On August 17, 2017, Delaware became the latest state to strengthen its cybersecurity laws. Under the newly enacted House Substitute 1 for House Bill 180, businesses who suffer cybersecurity breaches will face far more stringent notification requirements.

According to Representative Baumbach, D-Newark, who sponsored the bill, the legislation “is a meaningful step forward in addressing [cybersecurity] breaches so that we guarantee better protections for our residents and help them rebuild their lives after a cyber-attack.”

Under existing Delaware law, businesses that experience a cybersecurity breach are required only to notify the affected Delawareans “without unreasonable delay.” Effective April 14, 2018, companies will need to provide notice within 60 days, except in limited circumstances. If the breach affects over 500 residents, the statute also requires the company to notify the Delaware Attorney General within the same time frame.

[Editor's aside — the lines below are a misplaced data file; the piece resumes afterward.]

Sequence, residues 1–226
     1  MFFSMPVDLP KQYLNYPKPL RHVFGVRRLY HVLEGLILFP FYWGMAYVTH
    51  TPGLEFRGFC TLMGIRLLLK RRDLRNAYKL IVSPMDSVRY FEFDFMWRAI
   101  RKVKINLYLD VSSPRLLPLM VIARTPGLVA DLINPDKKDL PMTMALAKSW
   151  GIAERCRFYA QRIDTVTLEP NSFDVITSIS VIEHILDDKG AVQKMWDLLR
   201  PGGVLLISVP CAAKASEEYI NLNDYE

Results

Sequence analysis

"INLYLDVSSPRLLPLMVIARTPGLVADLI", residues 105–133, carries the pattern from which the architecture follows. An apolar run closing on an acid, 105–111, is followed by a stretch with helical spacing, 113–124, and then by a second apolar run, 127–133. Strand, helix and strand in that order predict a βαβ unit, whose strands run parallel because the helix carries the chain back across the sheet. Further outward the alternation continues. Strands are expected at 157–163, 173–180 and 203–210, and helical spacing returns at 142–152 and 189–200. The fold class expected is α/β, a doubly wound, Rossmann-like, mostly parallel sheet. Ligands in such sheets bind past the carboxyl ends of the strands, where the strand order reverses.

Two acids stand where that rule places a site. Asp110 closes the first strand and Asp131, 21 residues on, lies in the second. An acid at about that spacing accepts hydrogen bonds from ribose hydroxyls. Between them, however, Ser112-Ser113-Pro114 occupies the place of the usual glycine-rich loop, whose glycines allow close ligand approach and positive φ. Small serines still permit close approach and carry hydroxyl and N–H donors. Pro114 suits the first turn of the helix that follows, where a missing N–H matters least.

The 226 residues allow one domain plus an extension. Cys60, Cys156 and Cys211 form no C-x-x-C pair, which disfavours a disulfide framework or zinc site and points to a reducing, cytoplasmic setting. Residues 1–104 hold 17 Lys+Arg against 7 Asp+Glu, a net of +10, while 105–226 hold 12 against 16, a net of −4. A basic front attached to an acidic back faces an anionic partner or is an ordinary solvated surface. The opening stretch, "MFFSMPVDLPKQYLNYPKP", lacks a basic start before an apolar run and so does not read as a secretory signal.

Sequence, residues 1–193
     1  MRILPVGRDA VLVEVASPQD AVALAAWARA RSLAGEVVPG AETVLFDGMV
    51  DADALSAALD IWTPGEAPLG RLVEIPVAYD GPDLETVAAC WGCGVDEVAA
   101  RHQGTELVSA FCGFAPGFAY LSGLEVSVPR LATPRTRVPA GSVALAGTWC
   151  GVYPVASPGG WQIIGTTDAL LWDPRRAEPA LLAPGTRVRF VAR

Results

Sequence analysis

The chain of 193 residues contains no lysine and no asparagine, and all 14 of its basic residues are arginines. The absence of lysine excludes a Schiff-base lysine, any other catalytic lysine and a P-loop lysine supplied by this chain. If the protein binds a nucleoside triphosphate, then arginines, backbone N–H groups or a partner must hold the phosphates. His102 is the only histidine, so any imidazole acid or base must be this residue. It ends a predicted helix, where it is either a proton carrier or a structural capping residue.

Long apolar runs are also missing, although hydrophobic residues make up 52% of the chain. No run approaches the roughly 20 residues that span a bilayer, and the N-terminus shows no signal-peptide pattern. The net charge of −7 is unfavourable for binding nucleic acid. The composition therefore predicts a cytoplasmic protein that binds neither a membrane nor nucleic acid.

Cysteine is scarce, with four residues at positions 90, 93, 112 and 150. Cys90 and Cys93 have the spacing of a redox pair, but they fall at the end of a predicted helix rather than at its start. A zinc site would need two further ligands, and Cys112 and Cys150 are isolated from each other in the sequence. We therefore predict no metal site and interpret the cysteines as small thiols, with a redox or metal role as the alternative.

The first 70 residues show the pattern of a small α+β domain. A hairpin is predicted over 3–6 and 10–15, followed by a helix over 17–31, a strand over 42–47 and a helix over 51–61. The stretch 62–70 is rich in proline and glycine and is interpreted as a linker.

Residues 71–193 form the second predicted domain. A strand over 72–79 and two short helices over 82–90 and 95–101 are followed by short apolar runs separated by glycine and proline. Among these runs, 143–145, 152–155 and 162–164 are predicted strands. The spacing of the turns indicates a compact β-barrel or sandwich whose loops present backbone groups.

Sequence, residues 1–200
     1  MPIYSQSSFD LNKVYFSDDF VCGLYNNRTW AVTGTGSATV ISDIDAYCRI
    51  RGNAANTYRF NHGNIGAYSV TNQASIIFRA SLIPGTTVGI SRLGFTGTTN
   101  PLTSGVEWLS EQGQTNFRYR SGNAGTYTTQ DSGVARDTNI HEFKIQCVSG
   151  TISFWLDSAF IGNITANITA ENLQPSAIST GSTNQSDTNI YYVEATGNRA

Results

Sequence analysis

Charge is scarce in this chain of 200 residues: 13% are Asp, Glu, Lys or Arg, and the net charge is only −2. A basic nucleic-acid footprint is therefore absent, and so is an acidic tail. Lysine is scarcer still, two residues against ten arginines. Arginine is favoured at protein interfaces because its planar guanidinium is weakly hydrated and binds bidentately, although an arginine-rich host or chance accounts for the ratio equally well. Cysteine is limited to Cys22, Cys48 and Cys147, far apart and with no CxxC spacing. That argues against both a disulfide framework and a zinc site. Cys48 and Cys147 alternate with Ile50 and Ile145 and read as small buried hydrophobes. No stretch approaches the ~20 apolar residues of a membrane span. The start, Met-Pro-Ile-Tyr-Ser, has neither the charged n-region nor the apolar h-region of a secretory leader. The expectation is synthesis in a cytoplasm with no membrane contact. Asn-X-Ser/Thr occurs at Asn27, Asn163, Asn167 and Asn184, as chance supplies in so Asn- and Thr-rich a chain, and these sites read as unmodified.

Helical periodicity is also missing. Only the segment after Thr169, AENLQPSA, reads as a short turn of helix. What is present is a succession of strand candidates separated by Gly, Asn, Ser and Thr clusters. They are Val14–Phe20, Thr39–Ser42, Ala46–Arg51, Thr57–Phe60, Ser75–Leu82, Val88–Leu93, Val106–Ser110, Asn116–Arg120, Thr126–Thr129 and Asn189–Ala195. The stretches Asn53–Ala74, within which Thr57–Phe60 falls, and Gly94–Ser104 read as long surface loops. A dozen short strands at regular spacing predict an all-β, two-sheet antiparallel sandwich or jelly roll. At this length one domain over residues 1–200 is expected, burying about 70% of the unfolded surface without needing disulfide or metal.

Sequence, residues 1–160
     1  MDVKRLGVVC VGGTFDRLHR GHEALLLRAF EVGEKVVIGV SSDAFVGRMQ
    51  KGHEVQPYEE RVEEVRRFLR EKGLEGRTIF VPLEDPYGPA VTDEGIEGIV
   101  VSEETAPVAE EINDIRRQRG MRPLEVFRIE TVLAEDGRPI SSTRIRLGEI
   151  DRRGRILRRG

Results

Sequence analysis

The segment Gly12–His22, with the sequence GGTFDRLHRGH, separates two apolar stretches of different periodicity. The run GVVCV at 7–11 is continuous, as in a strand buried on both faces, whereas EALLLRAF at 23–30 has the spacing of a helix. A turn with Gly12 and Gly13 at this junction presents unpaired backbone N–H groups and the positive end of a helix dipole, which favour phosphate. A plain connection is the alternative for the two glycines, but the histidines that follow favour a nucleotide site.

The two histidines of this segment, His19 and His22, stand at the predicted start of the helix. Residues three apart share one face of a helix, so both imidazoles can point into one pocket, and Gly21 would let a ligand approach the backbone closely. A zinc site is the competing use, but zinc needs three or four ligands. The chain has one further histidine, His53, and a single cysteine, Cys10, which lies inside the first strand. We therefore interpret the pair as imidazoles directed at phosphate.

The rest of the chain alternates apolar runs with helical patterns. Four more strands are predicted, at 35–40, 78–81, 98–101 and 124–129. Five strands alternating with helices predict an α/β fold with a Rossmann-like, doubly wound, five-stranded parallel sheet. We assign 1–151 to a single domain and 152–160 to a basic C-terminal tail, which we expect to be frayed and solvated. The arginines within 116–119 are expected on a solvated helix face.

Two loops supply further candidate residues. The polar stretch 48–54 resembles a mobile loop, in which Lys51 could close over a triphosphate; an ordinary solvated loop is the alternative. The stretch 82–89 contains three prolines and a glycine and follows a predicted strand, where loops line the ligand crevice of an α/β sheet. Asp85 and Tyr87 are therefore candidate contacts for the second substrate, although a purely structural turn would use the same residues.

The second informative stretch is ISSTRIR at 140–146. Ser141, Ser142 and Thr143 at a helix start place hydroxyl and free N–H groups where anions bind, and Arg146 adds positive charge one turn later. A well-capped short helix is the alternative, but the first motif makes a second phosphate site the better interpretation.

The law further expands the types of incidents that could give rise to consumer notification requirements by expanding the definition of “personal information.” Currently, “personal information” includes only a social security number, a driver’s license or government identification card number, or an account number in combination with a code that would allow the user to access a financial account. As enacted, “personal information” will now also include:

  1. Passport numbers,
  2. An email address or username in combination with additional information that would permit access to an account,
  3. Medical history and treatment information,
  4. Health insurance policy numbers,
  5. Unique biometric data, and
  6. Individual taxpayer identification numbers.

Under the new law, when a breach involving social security numbers occurs, businesses will also be required to provide credit monitoring services at no cost to the affected Delaware residents for a year.

As Delaware Governor John Carney noted when signing the bill into law, “cyber threat is one of the most serious economic challenges we face” in this digital age. Business should expect more states to follow Delaware’s lead.